The procedure usually takes less than 30 minutes, and you can go home the very same day. Your abdominal area might feel warm, and you may start to feel less abdominal pain.

Patients usually need a series of injections (between 2 and 10) to continue the pain relief. For some individuals, a celiac plexus block can eliminate pain for weeks. For others, the relief can last years. Many can go back to their normal activities.

MALS Treatment

Once the medical diagnosis of MALS is confirmed, most patients will be offered a minimally invasive (laparoscopic/robotic) technique to easing the compression of the median arcuate ligament on the aorta. In this strategy, the surgeon makes 5 to 6 little (approximately 1/2 inch) incisions (cuts) and inserts instruments to separate the median arcuate ligament and divide the nerves (neurolysis).

Most patients who have laparoscopic surgery for MALS stay overnight in the health center and begin eating a regular diet the next early morning. Patients will have some discomfort and pain from the incisions and will receive medications to relieve the pain. Many patients state that their MALS symptoms, such as pain with consuming, improve after the surgery. Most patients can return to normal activities within two to 4 weeks.

MALS related surgery
The mainstay of treatment involves an open surgical approach to divide, or separate, the median arcuate ligament to relieve the compression of the celiac artery (Wiki)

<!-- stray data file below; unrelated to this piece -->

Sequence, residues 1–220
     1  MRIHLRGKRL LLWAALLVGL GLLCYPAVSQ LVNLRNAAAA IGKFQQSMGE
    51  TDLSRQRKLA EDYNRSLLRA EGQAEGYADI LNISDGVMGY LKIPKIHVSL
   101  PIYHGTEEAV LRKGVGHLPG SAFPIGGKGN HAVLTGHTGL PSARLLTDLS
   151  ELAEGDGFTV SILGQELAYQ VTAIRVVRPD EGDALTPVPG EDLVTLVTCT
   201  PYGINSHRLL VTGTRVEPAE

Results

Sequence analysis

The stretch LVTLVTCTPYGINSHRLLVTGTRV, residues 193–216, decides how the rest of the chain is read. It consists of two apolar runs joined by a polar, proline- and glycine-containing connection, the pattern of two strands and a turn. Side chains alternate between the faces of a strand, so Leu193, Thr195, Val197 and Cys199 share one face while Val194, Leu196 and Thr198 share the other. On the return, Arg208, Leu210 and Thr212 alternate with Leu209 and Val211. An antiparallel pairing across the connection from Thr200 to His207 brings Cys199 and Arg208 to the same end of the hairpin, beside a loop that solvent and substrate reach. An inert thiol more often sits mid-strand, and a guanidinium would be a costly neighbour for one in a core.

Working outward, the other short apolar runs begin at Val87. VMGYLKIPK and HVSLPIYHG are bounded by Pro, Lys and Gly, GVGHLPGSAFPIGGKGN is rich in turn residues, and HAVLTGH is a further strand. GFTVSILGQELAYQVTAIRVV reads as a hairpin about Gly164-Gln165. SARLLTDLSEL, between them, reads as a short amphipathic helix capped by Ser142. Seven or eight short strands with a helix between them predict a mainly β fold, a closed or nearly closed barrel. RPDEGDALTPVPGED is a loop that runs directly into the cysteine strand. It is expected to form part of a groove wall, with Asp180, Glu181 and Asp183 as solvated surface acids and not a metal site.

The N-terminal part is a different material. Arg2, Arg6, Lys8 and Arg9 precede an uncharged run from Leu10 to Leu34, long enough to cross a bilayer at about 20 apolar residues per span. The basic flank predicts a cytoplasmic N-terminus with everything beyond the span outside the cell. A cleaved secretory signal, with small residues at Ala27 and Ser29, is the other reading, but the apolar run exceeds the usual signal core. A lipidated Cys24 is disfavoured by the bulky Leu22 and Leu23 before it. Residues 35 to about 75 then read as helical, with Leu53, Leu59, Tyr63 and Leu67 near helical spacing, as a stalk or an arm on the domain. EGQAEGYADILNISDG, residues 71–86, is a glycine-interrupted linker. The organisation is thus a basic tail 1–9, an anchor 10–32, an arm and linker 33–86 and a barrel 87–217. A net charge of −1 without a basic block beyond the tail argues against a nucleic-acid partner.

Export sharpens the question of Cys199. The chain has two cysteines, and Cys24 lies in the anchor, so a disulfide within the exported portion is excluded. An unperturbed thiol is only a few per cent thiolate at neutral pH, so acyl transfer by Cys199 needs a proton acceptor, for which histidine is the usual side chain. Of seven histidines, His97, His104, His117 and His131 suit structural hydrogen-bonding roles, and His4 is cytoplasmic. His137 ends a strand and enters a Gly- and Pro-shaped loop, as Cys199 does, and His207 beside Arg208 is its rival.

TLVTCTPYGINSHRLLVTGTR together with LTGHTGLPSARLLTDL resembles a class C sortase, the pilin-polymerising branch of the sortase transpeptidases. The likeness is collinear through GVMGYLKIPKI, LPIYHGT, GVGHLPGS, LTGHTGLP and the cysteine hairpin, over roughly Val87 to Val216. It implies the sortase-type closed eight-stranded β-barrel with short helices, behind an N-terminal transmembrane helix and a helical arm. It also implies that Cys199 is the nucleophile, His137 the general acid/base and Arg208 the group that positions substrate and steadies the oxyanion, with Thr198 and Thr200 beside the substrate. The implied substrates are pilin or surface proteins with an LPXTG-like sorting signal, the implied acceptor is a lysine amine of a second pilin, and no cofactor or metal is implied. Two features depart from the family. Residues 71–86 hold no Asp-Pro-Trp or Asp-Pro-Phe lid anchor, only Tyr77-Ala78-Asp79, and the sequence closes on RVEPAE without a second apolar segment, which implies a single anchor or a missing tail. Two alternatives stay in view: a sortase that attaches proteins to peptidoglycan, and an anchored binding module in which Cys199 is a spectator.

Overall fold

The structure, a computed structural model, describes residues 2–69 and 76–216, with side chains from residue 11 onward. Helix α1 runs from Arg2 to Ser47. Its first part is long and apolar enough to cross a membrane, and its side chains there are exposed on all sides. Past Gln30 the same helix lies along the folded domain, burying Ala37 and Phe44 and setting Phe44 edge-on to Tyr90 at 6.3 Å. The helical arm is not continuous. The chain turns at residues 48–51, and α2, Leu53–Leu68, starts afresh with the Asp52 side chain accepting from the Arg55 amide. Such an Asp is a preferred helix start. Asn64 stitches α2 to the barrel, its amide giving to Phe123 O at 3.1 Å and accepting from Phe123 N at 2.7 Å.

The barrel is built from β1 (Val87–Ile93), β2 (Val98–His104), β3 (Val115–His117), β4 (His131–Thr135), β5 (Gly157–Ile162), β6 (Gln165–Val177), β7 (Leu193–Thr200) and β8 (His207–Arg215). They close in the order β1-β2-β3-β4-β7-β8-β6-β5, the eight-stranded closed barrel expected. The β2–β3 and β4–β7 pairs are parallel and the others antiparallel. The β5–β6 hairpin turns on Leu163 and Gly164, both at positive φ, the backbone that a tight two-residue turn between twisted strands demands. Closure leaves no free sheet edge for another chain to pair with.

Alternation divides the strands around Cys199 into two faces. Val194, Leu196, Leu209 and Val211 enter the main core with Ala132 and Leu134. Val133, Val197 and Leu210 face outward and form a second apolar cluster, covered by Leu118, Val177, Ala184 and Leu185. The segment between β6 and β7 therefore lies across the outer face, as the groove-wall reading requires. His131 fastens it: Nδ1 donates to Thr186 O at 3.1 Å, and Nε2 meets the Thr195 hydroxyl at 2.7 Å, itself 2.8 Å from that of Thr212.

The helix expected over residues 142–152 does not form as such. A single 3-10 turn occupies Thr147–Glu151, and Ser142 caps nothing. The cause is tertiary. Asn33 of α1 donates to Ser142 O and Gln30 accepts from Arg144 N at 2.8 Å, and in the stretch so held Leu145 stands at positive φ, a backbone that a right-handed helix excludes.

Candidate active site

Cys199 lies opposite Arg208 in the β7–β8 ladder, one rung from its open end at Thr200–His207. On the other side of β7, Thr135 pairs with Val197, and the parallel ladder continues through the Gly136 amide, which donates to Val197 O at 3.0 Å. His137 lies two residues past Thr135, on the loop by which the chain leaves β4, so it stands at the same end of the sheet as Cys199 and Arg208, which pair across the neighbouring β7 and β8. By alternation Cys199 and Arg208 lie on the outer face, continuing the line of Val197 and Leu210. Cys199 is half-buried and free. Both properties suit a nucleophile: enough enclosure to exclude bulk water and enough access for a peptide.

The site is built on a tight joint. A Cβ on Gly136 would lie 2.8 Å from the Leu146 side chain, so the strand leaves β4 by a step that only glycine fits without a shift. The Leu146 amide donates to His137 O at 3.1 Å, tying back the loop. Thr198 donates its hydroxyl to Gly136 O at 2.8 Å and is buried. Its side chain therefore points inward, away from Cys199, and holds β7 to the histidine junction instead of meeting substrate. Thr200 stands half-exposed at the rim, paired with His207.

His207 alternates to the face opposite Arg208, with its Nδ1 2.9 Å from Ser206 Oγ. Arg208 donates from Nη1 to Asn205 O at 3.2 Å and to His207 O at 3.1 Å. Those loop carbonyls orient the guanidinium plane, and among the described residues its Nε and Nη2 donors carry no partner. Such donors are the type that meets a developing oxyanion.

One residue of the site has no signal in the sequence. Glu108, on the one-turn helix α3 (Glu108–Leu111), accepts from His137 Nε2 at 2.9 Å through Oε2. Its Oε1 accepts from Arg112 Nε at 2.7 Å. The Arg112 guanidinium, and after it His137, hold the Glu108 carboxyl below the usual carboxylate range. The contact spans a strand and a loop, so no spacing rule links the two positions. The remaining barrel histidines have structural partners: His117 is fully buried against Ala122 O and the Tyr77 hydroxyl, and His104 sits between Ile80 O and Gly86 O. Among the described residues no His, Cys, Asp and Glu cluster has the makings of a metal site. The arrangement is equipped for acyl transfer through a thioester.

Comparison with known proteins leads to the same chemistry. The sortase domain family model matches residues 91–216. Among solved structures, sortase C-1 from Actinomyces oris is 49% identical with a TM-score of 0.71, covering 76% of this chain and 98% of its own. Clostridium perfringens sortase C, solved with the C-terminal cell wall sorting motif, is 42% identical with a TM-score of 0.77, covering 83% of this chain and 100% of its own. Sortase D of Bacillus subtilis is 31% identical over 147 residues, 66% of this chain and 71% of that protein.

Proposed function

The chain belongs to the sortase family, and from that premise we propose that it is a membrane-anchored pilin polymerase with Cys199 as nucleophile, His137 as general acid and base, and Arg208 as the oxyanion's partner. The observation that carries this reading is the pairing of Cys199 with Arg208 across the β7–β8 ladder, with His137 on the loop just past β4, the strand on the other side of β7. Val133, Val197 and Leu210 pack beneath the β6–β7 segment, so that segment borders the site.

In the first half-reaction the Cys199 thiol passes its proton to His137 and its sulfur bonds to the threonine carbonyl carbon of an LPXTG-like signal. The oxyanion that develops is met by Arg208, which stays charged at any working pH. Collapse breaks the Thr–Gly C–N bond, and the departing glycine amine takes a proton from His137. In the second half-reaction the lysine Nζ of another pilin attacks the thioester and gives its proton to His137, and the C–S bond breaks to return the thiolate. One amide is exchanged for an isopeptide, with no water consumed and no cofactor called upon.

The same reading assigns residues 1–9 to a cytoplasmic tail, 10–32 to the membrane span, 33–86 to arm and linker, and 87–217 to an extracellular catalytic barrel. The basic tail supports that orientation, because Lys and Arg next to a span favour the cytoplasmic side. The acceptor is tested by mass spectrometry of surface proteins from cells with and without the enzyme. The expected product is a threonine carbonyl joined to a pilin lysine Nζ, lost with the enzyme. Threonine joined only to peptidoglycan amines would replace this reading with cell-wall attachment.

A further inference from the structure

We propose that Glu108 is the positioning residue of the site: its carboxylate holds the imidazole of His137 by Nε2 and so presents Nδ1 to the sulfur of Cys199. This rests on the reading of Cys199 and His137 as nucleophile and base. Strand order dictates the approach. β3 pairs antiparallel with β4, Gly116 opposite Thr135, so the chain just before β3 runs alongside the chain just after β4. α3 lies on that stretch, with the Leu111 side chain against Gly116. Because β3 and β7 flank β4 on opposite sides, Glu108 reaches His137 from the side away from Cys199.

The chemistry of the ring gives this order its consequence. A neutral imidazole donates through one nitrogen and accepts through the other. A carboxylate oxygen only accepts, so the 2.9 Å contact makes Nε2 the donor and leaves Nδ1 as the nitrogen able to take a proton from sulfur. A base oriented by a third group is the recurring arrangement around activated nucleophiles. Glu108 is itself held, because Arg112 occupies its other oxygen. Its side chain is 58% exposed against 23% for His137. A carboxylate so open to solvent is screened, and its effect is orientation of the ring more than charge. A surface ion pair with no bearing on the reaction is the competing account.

About 10% of patients have a conventional “open” operation, in which a large cut is made down the middle of the abdomen, typically with the support of among the vascular cosmetic surgeons. Patients who have this procedure may require to stay in the healthcare facility for 3 to 5 days for healing, and can generally go back to normal activities within 4 to six weeks.

What Type of Follow-up Care Is Needed After Median Arcuate Ligament Syndrome Surgery?

The majority of patients have a duplex ultrasound one month after surgery to make sure that there is no more compression of the median arcuate ligament. Some patients continue to have to construct of the celiac artery since of scar tissue that has developed. This generally does not trigger symptoms after surgery and can be treated with non-surgical strategies such as medications or, in uncommon cases, another celiac plexus block. Occasionally, other endovascular therapies might be needed. A little group of patients who have repeated episodes of MALS may be prospects for the 2nd effort at the release of the scar tissue. These patients, nevertheless, are at much higher risk (greater than 50%) of requiring an open operation (with the help of a vascular surgeon).

Reyus Mammadli

As a healthy lifestyle advisor I try to guide individuals in becoming more aware of living well and healthy through a series of proactive and preventive measures, disease prevention steps, recovery after illness or medical procedures.

Education: Bachelor Degree of Medical Equipment and Electronics.